Closed for months due to pandemic, community staple West Seattle Bowl reopens to limited capacity

Under Governor Inslee's reopening plan amid the pandemic, more businesses are deciding to open their doors. It's welcoming news for many people just wanting to get out of quarantine since the onset of the coronavirus pandemic over a year ago. 

West Seattle Bowl has been a part of the community since 1948, but they've never had to close down for months-on-end like this. On Thursday, the bowling alley opened its doors for the first time since March.

For bowler Brian Nilson, bowling runs in the family.

"My parents are former competitive bowlers in Seattle and I'm just happy to carry on their legacy," he said.

But he couldn't do that for several months because of the pandemic. For many people, bowling is a fun time. But for Nilson, it's much more than that.

"It's totally my extended family outside of my personal family. We all have different families in life and this is a huge part of my life that I've been missing for 250 days," he said.

This was the first day back for Nilson and other bowlers in West Seattle.

"First day back, loving it. I get back to my gym. I can get back exercise. I can burn some of this COVID weight," he said.

And he couldn't wait to get to the lanes.

"I made sure to be here 15 minutes beforehand. I showed up knocking on the front door to get in and I just wanted to be back to what I enjoy," said Nilson.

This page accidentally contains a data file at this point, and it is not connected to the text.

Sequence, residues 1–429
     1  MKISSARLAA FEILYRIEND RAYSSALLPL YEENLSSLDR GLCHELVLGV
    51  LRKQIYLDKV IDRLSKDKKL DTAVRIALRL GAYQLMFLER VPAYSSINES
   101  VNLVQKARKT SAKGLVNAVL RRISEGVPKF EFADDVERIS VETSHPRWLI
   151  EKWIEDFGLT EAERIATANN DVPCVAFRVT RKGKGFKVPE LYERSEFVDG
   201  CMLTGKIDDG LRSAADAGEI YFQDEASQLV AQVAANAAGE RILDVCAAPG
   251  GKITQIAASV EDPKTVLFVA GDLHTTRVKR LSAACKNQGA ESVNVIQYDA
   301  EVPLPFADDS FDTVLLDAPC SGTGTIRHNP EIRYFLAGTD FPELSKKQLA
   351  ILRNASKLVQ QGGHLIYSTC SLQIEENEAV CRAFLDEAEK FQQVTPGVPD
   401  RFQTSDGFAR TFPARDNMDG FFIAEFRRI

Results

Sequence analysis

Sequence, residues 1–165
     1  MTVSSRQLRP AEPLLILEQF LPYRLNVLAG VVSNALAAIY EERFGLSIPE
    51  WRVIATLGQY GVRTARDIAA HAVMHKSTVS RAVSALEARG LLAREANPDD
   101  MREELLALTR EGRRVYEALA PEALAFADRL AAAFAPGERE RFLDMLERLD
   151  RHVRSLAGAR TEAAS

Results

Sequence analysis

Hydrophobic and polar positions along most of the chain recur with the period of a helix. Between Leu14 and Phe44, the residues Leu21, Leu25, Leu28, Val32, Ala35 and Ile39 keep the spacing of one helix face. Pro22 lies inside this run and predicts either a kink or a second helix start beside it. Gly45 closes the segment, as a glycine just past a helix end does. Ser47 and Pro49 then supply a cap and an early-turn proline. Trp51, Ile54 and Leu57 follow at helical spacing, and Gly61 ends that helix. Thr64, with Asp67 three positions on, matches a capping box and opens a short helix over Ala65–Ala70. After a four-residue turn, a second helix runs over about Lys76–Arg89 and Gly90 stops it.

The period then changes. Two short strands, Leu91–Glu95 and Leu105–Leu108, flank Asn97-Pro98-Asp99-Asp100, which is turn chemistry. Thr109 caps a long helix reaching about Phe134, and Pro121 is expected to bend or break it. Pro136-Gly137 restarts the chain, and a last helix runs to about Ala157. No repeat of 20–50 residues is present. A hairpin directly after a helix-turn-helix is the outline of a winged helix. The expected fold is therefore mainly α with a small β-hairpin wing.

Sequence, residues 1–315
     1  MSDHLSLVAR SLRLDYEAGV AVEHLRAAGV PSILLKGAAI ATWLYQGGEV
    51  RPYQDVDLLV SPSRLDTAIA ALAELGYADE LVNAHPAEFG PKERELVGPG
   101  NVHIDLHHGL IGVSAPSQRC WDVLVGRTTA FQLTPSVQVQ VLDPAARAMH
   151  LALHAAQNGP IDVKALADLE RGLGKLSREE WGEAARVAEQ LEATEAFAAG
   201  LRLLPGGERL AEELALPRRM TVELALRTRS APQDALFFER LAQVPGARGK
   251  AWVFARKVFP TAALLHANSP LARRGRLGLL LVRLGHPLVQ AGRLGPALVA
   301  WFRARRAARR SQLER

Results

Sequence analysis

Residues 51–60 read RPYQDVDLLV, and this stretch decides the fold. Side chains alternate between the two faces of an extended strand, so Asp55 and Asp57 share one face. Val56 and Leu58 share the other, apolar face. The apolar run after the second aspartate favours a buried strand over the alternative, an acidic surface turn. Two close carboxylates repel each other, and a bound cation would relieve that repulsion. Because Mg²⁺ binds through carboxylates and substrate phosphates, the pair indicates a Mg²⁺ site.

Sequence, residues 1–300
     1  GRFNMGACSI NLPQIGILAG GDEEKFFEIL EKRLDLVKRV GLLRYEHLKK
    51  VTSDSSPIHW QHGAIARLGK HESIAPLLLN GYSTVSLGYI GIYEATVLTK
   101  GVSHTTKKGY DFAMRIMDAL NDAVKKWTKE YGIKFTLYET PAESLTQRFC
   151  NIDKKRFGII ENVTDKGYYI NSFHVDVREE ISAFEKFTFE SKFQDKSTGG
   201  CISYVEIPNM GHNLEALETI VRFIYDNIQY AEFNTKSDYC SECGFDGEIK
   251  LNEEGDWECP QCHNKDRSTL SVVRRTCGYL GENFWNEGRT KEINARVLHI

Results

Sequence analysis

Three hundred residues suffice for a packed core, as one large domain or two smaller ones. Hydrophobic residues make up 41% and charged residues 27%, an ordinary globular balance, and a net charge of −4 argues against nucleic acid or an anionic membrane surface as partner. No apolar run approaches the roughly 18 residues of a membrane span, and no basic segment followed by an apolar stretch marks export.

For general manager Jeff Swanson, he was excited too.

"We were closed for 250 days since March of last year. So, we're excited to be back serving the West Seattle community," said Swanson. "It was a mad rush of messages, texts, and Facebook. People were excited to hear that they could come back and spend their time here," said Swanson. 

Bowling however won't be like it was pre-pandemic. Places like bowling alleys will be limited to just 25 percent capacity. According to Swanson, more protocols will be added to keep bowlers safe.

"On a normal league night, we would have all 32 lanes going with four or five people per lane," said Swanson. "We're mandated to two per lane and for our center, we're doing two every other lane some nights to allow for 11-to-12 foot distance."

Cleaning will also be increased.

"We're spraying the bowling bowls down after every use, as well as the tables and countertops," said Swanson.

For Nilson, the reopening means a lot for so many people.

"Keeping bowling open is extremely important for the health of youth bowlers, but also our elderly generation because it's hugely important for their physical and mental health," he said.

Check the West Seattle Bowl website for hours. According to Swanson, bowlers can reserve lanes ahead of time, but 8 lanes will be available for walk-in customers.